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Dr. Max Guyll, Iowa State University – Psychology of False Confessions

In today’s Academic Minute, Dr. Max Guyll of Iowa State University reveals how an innocent person can be driven to confess to a crime. 

Max Guyll is an assistant professor of psychology at Iowa State University in Ames, Iowa. His research addresses topics related to health psychology, with a specific focus on issues relating to stress, physiologic reactivity, ethnicity, personality, and interpersonal influences. He earned his Ph.D. at Rutgers University.

About Dr. Guyll

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Dr. Max Guyll – Psychology of False Confessions

Imagine you’re arrested for murder, but you’re actually innocent. You’re read your rights and told, “Anything you say can and will be used against you in a court of law.”  Then you’re asked if you’re willing to speak with the police. Because you’re innocent, you have nothing to hide.  So you waive your rights, and start talking. 

Though you probably don’t believe it, this decision could start a chain of events that ends up with you falsely confessing to the murder, even though you’re completely innocent.  Among convicted prisoners, who were later proven innocent by DNA testing, one in six had falsely confessed to the crime during police interrogation. People underestimate the power of police interrogation to make them falsely confess.

My colleague Stephanie Madon and I sought to understand why the innocent might be so willing to cooperate.  In our research we created a situation in which some people were led to commit a minor academic offense, but others were not. So some people were guilty and some were innocent.  Afterwards we accused everybody, both the guilty and the innocent people, and simultaneously measured their blood pressure to assess their stress.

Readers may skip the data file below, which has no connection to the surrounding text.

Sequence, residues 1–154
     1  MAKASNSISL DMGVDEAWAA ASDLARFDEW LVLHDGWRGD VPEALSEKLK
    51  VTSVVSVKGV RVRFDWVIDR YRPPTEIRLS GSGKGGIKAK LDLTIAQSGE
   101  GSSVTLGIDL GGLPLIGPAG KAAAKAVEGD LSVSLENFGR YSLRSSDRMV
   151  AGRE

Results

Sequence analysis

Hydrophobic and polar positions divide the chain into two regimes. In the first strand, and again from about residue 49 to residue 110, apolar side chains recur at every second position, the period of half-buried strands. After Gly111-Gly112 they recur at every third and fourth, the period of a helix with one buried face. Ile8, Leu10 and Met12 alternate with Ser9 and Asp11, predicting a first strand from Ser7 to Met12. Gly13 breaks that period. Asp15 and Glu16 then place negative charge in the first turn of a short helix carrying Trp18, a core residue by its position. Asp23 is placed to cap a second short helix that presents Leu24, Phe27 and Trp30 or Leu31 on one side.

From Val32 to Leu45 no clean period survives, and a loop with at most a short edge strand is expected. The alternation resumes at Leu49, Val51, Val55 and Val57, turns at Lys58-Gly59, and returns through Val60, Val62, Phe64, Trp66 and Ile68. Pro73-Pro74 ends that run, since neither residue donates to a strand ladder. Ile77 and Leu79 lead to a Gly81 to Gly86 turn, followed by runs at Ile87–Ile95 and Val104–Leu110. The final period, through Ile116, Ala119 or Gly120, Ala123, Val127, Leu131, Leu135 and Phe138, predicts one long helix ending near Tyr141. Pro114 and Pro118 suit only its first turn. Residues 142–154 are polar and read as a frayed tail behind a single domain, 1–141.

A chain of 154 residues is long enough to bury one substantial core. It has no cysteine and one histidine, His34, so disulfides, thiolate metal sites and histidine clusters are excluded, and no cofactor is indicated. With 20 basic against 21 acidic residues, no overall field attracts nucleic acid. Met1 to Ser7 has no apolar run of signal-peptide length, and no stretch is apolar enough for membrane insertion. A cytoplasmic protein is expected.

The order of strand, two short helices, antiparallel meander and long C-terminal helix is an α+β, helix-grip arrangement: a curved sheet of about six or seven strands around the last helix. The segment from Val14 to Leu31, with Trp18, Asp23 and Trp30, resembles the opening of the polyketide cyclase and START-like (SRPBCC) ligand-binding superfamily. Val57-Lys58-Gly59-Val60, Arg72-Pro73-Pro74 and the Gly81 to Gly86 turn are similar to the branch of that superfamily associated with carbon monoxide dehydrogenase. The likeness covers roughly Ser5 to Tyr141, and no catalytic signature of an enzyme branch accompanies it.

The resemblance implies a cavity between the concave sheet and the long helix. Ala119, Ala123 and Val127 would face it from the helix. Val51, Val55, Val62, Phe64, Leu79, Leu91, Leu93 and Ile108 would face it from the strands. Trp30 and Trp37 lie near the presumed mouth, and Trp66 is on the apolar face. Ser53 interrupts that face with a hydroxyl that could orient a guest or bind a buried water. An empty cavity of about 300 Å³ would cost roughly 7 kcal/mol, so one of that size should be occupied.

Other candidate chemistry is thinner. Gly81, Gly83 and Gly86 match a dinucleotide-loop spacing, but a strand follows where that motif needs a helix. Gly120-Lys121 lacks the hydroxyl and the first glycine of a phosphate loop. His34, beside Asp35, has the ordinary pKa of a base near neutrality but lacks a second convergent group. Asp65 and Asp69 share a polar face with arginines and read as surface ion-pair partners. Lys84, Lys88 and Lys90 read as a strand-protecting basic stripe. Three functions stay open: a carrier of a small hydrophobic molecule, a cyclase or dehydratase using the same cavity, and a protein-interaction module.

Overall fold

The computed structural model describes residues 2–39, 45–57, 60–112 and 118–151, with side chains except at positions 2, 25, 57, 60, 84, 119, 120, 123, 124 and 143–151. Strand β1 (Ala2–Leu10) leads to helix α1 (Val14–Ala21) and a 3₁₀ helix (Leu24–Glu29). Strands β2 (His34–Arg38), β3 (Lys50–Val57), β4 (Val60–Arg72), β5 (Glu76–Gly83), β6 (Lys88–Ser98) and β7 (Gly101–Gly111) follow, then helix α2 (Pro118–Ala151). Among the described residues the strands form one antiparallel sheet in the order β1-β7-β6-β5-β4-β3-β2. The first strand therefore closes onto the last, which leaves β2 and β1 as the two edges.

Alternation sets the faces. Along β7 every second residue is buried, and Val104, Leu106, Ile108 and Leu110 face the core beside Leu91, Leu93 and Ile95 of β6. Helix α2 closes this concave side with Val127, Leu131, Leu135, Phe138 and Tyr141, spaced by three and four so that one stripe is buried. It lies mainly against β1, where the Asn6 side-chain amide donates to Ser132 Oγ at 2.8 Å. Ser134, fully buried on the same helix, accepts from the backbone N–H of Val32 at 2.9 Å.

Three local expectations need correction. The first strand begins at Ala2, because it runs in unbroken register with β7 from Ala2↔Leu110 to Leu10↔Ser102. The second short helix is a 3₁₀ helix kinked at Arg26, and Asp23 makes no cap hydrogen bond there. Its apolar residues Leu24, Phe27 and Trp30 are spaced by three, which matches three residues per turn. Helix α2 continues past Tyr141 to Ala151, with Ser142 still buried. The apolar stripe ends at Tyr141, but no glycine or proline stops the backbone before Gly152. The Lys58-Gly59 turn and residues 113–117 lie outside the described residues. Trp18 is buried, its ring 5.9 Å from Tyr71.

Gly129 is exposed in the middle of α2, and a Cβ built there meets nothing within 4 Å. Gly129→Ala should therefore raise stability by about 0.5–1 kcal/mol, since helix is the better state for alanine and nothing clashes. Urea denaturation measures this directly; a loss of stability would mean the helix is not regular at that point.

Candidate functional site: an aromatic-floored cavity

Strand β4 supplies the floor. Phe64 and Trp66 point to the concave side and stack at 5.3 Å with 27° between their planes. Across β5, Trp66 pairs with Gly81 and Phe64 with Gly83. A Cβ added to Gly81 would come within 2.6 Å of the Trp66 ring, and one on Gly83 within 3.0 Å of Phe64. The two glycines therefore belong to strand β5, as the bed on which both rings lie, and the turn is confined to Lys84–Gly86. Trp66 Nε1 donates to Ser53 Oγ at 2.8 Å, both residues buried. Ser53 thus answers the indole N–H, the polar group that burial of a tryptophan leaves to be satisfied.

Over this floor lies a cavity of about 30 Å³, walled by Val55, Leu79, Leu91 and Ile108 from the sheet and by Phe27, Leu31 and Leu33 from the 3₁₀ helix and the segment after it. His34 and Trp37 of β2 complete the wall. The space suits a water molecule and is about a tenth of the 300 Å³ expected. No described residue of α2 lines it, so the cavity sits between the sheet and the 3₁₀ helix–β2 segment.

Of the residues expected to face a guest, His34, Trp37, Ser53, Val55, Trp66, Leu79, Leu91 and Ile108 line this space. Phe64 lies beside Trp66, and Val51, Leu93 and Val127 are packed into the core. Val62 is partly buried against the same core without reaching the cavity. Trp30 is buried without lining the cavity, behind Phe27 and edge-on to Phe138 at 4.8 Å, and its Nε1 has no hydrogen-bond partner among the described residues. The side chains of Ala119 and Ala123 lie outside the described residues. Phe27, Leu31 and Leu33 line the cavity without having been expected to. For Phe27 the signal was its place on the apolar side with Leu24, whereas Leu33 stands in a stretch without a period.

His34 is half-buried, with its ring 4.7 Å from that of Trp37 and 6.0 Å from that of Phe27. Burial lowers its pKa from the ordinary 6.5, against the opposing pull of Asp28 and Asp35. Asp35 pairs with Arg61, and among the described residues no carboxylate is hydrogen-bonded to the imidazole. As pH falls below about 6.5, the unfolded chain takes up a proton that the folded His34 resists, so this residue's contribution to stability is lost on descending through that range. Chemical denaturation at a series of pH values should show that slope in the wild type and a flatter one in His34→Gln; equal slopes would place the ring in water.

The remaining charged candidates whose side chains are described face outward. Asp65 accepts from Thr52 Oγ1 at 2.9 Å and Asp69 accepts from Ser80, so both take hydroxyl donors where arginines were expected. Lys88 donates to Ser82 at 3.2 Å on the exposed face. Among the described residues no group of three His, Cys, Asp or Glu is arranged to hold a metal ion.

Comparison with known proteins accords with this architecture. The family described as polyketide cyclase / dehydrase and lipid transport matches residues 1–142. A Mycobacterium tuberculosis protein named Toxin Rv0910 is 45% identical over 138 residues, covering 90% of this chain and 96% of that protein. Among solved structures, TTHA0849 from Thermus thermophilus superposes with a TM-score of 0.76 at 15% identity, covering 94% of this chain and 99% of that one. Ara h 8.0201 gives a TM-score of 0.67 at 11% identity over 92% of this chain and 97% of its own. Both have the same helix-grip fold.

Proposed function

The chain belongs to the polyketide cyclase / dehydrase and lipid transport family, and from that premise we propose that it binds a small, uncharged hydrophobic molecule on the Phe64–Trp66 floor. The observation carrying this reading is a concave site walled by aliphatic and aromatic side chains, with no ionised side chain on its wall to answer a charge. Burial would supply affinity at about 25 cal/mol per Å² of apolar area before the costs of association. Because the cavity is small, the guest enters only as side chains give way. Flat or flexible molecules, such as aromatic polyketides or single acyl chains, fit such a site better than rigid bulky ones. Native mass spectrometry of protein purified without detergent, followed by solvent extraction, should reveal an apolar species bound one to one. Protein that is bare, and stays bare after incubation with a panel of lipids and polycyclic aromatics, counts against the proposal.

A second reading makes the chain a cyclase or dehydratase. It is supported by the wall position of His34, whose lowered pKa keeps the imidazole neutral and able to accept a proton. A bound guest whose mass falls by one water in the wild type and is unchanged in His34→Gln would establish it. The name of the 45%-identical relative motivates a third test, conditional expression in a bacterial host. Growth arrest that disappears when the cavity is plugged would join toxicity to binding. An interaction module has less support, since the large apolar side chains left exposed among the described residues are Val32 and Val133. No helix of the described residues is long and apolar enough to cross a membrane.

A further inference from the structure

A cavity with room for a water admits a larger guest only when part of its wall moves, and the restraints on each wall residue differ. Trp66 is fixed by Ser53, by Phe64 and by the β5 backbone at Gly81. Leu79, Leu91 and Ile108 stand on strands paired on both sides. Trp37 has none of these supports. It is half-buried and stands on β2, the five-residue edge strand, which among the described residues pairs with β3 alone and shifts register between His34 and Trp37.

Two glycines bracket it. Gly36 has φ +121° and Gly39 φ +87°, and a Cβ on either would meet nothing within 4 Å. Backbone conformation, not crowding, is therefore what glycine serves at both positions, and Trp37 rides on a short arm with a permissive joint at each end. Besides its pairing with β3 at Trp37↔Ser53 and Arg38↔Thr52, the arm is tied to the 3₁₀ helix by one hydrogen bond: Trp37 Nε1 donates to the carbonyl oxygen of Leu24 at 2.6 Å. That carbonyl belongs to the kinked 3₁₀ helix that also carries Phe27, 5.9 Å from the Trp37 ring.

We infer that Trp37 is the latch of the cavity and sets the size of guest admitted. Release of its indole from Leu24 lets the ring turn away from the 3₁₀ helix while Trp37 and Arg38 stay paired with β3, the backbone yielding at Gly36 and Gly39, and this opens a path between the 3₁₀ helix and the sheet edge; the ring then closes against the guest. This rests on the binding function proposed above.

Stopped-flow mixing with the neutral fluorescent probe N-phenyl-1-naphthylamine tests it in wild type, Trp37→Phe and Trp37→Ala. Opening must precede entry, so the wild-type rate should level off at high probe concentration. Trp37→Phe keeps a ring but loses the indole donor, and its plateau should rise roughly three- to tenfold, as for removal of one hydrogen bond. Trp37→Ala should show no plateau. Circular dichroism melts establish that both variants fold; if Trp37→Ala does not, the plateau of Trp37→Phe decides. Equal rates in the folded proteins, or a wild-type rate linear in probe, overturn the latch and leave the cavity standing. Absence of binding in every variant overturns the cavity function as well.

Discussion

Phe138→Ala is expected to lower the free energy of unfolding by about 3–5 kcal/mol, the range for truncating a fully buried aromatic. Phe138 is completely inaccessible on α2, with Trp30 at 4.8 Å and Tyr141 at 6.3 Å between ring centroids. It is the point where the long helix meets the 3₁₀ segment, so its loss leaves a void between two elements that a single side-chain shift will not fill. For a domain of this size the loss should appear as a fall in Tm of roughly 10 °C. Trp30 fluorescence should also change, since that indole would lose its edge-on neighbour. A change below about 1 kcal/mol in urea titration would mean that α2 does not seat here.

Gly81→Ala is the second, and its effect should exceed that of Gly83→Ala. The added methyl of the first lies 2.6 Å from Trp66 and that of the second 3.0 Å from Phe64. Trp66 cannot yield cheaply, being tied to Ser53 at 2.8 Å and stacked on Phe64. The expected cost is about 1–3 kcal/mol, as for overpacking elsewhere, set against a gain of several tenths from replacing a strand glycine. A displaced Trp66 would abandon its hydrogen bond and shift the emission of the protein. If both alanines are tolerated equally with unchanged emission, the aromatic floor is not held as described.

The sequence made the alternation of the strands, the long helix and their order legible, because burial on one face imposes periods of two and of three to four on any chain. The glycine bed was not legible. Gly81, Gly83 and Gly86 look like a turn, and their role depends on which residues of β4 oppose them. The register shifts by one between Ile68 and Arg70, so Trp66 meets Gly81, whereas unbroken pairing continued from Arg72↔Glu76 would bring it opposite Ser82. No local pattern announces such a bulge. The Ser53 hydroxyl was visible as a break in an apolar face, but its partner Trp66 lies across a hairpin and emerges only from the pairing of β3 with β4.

The blood pressure of the innocent people rose less than the blood pressure of the guilty people, indicating that the innocent people felt less stress and were less afraid when accused. And the less fear you feel, the less likely you will be to take self protective actions, like invoking your right to silence, or getting a lawyer.  

And in the end, even though they did not do it, 43 percent of the innocent people in our study falsely confessed to having committed the offense. And in our study, we only interrogated people for a few minutes, but real police interrogations can go on for hours and hours. Innocent people may come to believe that the only way to escape the interrogation is to give up and confess. It can be like arguing with someone for hours on end; you reach a point where you’re willing to say anything just to make it stop.

Production support for the Academic Minute comes from Newman’s Own, giving all profits to charity and pursuing the common good for over 30 years, and from Mount Holyoke College.

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